Reproducing lines from the poem “The Presentation,” the text is printed in two colors on 110-pound 100% cotton Crane Papers Lettra, overprinted on the chapbook’s signature interior diatom illustration, which also appears as a printed motif.
Reproducing lines from the poem “pretty pretty princess vs. the underworld,” the text is printed in two colors on 110-pound 100% cotton Crane Papers Lettra, overprinted on the chapbook’s signature interior illustration of an empty ball gown, which also appears as a printed motif.
Discover BMP Poetry
From “Me and Tanka”
You’re dull, she says, you can’t even
cross your eyes correctly. Your relationships last
five months because you turn so USUAL.
In your Secret Garden
you grow carrots and plastic wrap.
You like Lean Cuisine dinners.
You don’t have fancy shoes.
You hum poorly. And you’re dull.
I know, I say.
Then how did you make me? she says.
Grace, I say.
Now I want joy to arrange you.
Forget the spool, the queue.
May you crow from the prow.
Be your element’s namesake
and alive, know it. My Seaborgium.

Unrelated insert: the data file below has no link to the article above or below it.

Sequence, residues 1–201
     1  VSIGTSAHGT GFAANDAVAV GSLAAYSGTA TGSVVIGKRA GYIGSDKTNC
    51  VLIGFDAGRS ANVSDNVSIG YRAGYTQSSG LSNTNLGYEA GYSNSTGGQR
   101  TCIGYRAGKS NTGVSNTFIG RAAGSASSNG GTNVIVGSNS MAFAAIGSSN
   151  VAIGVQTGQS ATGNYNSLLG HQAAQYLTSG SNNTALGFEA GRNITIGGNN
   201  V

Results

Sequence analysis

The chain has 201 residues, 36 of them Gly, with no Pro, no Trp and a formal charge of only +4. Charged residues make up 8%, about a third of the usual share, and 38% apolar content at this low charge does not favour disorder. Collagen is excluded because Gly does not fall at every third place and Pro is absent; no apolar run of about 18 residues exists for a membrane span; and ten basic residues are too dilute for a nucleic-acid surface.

My little radish bugaboo, my
pillowfoot jeweler. Sweetgum,
sing, sing to wake the water.
From “The Presentation”
This is my lordosis: look: my part.
It wants to feel the syllables your heart
putters. I want your obsessive pulse
to part with mine only when universe
and starlight disentangle. Dumb stud, come;
I’ll be the radiator and the heat
it hisses. I’ll paint the memory
of you on my closed coffin lid and lard
my arteries with your untamed beauty.
I’ve assumed the posture of a rapt
ocelot: I moan my smell to you:
swell with me: boil with me: glue
your sternum to my sternum and we’ll do
what blue jays do until Orion snaps.
From “pretty pretty princess vs. the underworld”
my tall handsome, you are always
hydrangea in my rib, popped open
always dazzle of salt on my punched lip
love of life
the he & me I will devour
we beneath black cherry tree
all fruits and crystals on your chest
you were my first body—now and always
forever and ever, in the pink bed rippling